Russia’s very first stealth fighter jet appeared above a sea of Russian tanks and weaponry just outside the capital Moscow – a clear signal to the world that the Russian Federation is committed to expanding its military might.

The Russian Federation invited 70 countries to take part in their two-week annual International Army Games. 28 countries – all non-NATO club with the exception of Greece – competed in a wide range of categories from best field kitchen to epic, gigantic tank battles.

Russia’s latest fighter appeared at the Games in an aerial performance designed to wow the crowds.This is Russia’s first “stealth” fighter.


Made by Sukhoi, the name for this fifth-generation single sea twin engine jet was announced as the “Su-57” on Aug. 11. The Russian media likes to call the new aircraft the “Ghost” presumably because it is intended to be so stealthy it cannot be seen or detected.


Many aviation experts have publicly expressed reservations about whether the “Ghost” is actually very stealthy or qualifies as fifth generation. Other problems frequently cited include external weapons and an inferior outdated engine.

In the past, the aircraft has been described at events like the Paris Air Show as 4++.  Based on what has been shown internationally, many believe the “Ghost” is basically the Su-35 fighter in terms of capabilities with the upgrades of some degree of stealth capabilities and AESA (active electronically scanned array) radars.

Russian media has widely lauded the Su-57 and asserted that it possesses capabilities such as the ability to be piloted remotely – as in it can be operated like a drone, not just flown by humans in the actual cockpit in the aircraft.

There have also been suggestions in Russian press that it has a maximum cruising speed of more than 1,500 mph and that it is highly maneuverable.


The F-35’s publicly listed top speed is 1,199 miles per hour – so if the Su-57 speed were true then it would make the Russian stealth fighter faster than the most state-of-the-art American fifth generation stealth fighter.

Russian media has also reported that the weaponry will be superior to its American counterpart. The Su-57 would supposedly carry K-77M missiles with a reported range of about 125 miles.

The Russian Ministry of Defense’s public announcement claimed the new Su-57 could outmatch the US F-22 as well as China’s Shenyang J-31.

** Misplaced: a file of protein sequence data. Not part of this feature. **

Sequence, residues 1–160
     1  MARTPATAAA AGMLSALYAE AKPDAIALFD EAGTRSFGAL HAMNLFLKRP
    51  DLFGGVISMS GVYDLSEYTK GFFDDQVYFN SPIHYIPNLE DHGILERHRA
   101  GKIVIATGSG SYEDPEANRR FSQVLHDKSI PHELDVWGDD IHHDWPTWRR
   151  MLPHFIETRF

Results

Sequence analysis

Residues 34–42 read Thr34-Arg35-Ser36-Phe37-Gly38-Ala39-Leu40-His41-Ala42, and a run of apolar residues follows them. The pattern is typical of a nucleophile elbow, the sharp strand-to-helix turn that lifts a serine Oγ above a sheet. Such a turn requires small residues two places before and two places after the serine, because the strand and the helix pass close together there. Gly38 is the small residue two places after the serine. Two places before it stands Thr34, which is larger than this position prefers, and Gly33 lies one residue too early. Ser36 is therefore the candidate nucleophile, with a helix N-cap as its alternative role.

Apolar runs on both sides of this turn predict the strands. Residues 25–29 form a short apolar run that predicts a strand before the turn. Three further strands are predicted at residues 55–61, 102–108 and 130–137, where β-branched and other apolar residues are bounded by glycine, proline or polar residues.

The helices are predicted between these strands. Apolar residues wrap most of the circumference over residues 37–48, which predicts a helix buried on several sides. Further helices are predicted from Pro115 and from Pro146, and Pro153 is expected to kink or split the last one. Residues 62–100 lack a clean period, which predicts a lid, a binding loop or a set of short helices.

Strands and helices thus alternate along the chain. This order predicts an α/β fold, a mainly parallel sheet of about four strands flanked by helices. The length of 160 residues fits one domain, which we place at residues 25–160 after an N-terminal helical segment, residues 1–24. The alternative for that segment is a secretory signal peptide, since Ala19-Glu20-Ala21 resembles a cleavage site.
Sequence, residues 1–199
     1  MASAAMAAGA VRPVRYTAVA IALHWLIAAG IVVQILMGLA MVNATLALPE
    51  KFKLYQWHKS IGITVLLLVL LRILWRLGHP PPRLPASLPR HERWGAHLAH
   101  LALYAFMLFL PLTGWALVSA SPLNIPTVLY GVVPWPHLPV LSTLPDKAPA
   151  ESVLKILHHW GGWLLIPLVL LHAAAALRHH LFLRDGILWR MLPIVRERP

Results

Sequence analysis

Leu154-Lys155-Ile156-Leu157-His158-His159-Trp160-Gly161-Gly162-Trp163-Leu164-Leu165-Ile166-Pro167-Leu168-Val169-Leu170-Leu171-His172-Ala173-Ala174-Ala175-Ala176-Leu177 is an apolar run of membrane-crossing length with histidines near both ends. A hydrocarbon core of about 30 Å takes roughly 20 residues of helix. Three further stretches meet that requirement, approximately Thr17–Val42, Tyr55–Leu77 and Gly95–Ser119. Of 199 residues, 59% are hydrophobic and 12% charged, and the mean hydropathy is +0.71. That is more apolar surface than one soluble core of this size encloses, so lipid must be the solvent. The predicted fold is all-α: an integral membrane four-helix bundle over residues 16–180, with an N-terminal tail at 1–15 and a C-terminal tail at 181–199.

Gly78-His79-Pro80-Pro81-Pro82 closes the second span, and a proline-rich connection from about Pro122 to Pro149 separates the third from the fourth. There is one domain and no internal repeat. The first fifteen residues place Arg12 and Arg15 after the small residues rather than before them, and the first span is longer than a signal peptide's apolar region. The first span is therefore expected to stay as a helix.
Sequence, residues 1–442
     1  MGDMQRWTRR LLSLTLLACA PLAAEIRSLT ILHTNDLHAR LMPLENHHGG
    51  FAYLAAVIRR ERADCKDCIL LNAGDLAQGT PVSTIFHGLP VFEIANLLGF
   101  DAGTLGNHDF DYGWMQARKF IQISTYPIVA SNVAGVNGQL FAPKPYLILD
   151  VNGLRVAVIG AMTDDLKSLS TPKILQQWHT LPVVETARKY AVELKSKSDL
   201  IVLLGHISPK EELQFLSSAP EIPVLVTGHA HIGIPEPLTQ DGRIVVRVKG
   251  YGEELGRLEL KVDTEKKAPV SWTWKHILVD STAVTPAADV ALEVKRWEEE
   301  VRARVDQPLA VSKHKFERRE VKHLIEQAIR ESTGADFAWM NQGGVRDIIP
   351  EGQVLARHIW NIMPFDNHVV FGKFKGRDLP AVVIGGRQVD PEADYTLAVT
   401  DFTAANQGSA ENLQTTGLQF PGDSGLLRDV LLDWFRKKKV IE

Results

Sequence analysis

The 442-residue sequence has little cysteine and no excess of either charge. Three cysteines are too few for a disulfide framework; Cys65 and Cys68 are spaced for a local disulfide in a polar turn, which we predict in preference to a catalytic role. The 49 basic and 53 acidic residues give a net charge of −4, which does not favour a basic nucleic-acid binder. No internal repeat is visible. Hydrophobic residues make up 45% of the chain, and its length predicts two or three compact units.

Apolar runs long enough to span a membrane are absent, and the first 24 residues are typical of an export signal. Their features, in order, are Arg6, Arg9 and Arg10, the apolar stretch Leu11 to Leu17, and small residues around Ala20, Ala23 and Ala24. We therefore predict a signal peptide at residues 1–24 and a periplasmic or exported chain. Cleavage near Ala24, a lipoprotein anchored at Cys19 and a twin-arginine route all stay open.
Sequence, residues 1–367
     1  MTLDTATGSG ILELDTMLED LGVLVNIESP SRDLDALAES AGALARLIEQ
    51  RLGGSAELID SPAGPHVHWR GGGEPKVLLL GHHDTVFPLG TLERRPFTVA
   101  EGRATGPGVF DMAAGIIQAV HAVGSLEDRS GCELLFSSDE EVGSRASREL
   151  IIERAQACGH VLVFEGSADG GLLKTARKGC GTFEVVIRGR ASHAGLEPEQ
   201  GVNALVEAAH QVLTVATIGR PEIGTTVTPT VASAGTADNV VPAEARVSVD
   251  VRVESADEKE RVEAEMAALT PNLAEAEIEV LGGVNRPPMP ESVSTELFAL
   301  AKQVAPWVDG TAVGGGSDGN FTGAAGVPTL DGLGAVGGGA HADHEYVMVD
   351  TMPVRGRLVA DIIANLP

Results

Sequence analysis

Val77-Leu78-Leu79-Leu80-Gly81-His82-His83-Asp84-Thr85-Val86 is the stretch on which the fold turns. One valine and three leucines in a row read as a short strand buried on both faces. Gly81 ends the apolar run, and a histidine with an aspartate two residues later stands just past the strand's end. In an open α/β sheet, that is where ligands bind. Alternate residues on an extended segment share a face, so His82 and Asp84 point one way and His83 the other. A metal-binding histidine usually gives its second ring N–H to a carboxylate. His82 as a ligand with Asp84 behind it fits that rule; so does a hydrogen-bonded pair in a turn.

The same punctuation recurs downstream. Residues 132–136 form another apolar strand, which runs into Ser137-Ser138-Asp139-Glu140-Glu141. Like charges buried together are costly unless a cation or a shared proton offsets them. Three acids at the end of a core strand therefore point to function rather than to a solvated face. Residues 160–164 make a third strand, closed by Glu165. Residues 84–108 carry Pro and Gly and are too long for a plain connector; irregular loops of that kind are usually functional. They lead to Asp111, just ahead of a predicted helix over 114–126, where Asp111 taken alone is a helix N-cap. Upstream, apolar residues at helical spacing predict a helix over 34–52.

Russia expects its next-gen supersonic “stealth” combat Su-57s jets to be operational next year.

‘Dogfights,’ in the sky, tank battles below

The International Army Games is a colossal event. In fact, thousands show up to watch and the games are broadcast live.

Who emerged with bragging rights as the most lethal, capable and powerful army?

Home team Russia tends to win – and this year was no exception. Kazakhstan won second place and China came in third place. Iran placed in the top 10.


One of the most popular events is the tank biathalon which is sort of like a relay race through obstacles and firing live artillery rounds at targets. It is judged on factors like speed and accuracy. The event is BYOT (Bring Your Own Tank) or competitors could borrow Russian T-72B3 tanks to use.

While the Russian Army triumphed on land with their tanks, their air power dominated the skies above with a gigantic spectacle of strength in that terrain.

This year is the 105th anniversary of the Russian Air Force. More than 150 aircraft took to the air demonstrating Russian pilots’ skill and the power of their aircraft.

The U.S. shows military might

The United States did not participate in the International Army Games, but Operation Ample Strike that takes place on Russia’s geographical doorstep in the Czech Republic has just kicked off and brings serious U.S. military might to the region including B-52 and B-1 bombers.

Fearless Freedom with Ranger, Special Forces Sniper and
MMA star Tim Kennedy

The U.S. military was also preparing for another big military exercise near a different Russian border. This annual Ulchi-Guardian joint military drills with South Korea has escalated tensions again with Russia’s neighbor North Korea.

Learn how to fly an F-22 fighter jet with this Native American, Marine Corps Fighter


Allison Barrie is a defense specialist with experience in more than 70 countries who consults at the highest levels of defense and national security, a lawyer with four postgraduate degrees, and author of the definitive guide, Future Weapons: Access Granted, on sale in 30 countries.  Barrie hosts the new hit podcast “Tactical Talk”  where she gives listeners direct access to the most fascinating Special Operations warriors each week and to find out more about the FOX Firepower host and columnist you can click here or follow her on Twitter @allison_barrie and Instagram @allisonbarriehq.